Chinese search engine Baidu has entered the race for self-driving vehicles in 2014. In a partnership with BMW, the company presented an early prototype of an autonomous car at the end of 2015. Baidu’s approach mimics Google in many ways: Like the first Google prototypes of 2010, the car uses the (aging) Velodyne 64 Lidar as its main sensor; Baidu’s approach also relies on detailed mapping which fits well with Baidu’s overall mapping strategy. Baidu also aims to diversify its business model by leveraging its know-how in artificial intelligence and has transferred its auto-related activities into a separate division, a move that Google started last year by restructuring into Alphabet. There are some differences: unlike Google, Baidu does not seem to put much emphasis on the sensors; they don’t seem to experiment with their own sensors and the configuration of sensors indicates that certain situations in which a car may find itself have not been considered yet.

Baidu’s vision of how self-driving vehicles will be adopted also differs somewhat from Google. Whereas Google has focused on individual cars, and is testing electric two-seaters which could easily become robotaxis, Baidu expects the first wave of self-driving vehicles to be autonomous buses or shuttles. In a recent online interview, Andrew Ng, Baid’s Chief Scientist, argued that buses which service a fixed route or a small defined region will be the best starting point. He expects a large number of such vehicles to be in operation within three years (= early 2019) and mass production to be in full swing within five years (= 2021).

Andrew Ng correctly pointed out that such autonomous buses operating on fixed routes or small regions  would have the advantage that care could be taken to ensure that the routes are well maintained, don’t have construction (or the construction site is clearly indicated in the map) etc.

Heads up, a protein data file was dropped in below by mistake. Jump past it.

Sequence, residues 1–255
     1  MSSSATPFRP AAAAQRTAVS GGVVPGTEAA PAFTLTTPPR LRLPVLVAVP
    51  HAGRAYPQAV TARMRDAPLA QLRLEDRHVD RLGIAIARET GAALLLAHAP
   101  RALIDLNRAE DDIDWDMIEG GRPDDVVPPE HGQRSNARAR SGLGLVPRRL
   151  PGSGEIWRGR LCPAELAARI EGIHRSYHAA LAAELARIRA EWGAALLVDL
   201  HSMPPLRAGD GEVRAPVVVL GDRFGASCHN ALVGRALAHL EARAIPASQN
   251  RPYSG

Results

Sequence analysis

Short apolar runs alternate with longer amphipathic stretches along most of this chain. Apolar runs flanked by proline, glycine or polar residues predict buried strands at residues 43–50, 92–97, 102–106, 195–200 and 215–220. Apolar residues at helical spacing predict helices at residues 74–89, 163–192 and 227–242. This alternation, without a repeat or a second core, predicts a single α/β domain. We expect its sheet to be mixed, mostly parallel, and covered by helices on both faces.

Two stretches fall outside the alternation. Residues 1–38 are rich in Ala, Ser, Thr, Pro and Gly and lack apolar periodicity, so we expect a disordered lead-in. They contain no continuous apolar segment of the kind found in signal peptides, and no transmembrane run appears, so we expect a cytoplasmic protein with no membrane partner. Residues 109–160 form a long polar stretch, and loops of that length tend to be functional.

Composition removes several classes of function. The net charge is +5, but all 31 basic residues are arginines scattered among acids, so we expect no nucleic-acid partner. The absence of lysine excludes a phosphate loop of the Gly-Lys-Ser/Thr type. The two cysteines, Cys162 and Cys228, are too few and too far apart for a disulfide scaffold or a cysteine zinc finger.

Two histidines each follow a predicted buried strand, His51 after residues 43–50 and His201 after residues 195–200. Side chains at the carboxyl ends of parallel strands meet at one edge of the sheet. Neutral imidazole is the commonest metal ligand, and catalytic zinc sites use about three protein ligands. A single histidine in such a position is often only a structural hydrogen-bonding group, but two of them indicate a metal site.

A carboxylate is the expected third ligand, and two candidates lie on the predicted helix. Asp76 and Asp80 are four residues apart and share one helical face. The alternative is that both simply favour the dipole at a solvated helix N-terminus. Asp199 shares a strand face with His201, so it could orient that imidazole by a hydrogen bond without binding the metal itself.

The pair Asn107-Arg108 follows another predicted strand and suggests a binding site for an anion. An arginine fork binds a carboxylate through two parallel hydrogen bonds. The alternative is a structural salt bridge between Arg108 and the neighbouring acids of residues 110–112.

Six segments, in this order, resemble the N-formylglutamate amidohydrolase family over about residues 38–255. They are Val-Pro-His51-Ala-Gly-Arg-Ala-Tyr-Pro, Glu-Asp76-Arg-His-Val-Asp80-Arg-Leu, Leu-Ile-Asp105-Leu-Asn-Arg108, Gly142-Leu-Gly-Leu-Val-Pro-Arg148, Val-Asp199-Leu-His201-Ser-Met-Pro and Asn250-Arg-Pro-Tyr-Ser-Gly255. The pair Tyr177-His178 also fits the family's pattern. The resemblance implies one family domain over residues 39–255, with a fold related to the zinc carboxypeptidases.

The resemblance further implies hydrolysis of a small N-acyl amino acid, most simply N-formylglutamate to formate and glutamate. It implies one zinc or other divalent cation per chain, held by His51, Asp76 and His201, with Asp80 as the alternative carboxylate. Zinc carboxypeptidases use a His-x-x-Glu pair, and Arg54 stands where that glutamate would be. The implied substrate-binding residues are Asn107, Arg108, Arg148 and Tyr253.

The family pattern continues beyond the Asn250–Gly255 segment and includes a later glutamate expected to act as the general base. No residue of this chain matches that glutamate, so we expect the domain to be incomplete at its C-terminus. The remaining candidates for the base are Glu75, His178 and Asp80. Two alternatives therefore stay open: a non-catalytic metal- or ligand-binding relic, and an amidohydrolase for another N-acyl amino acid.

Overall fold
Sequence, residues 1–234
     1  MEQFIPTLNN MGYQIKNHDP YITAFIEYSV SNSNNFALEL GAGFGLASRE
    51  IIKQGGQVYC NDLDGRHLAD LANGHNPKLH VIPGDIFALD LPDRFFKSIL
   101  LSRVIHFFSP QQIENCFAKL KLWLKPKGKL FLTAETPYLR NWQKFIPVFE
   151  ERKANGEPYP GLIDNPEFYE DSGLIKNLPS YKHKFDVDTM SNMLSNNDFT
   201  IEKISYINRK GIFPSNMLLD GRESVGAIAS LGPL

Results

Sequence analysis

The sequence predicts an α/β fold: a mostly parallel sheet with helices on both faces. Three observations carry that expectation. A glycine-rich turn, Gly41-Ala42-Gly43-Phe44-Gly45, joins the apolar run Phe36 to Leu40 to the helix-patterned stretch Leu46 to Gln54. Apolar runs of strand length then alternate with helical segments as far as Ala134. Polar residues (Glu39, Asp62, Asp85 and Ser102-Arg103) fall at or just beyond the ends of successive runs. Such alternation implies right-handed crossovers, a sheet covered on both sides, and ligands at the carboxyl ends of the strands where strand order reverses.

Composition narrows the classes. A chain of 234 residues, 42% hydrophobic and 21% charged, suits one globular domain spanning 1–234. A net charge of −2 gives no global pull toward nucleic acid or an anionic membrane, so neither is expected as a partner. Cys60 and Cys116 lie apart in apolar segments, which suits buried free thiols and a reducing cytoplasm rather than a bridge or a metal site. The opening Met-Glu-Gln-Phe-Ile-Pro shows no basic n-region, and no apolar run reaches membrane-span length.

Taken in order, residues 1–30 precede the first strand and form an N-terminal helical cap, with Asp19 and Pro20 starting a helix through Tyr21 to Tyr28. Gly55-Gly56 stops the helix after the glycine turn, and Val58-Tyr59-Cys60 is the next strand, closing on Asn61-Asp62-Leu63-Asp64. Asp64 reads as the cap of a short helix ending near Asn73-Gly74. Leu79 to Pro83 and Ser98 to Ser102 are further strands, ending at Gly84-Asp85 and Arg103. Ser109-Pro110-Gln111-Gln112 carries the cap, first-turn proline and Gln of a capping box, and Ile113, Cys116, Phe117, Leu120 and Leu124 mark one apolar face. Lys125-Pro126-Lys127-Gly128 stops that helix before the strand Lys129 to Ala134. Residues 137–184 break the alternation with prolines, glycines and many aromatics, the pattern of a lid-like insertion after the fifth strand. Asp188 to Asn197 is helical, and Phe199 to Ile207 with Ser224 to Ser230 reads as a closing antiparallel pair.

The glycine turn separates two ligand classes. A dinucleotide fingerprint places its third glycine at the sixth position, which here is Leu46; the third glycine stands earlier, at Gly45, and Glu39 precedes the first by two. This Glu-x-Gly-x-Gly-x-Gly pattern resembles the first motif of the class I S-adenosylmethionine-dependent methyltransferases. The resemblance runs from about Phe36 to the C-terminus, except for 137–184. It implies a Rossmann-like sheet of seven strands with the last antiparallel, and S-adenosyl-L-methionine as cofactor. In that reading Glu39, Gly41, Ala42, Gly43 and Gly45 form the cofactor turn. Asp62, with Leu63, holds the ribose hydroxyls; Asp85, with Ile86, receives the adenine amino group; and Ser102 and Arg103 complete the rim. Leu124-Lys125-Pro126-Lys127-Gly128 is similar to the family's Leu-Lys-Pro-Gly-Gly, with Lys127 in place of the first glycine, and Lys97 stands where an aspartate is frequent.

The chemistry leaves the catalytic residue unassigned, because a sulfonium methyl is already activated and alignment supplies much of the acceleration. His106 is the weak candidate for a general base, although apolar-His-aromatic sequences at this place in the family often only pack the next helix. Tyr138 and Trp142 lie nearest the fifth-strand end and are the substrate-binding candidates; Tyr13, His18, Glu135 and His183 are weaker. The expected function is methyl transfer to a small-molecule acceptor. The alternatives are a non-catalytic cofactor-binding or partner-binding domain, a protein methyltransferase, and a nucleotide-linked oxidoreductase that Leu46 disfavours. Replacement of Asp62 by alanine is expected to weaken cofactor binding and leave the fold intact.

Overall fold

Unfortunately, Andrew Ng’s argument, that driving on predefined routes would enable the vehicles to avoid “corner cases–all the strange things that happen once per 10,000 or 100,000 miles of driving” (source) is flawed. He argues, that machine learning can not prepare for these corner cases and that therefore driving in a restricted well-defined environment is the solution. Unfortunately, corner cases can happen anywhere; it is impossible to guarantee that on well-mapped and well-known routes strange situations can not occur. Pedestrians can suddenly appear in areas that are closed for pedestrians, obstacles may occur on a road, an oil spill can occur, the road can suddenly be flooded etc. Building software that can reliably handle even the most challenging situations is a hard task and needs to consist of a combination of machine learning, an enormous testing program (usually combined with knowledge acquisition and machine learning), careful and very extensive risk analysis and risk modeling, and purpose-built test scenarios which challenge the capabilities of the cars both in simulators and in staged test cases in the real world.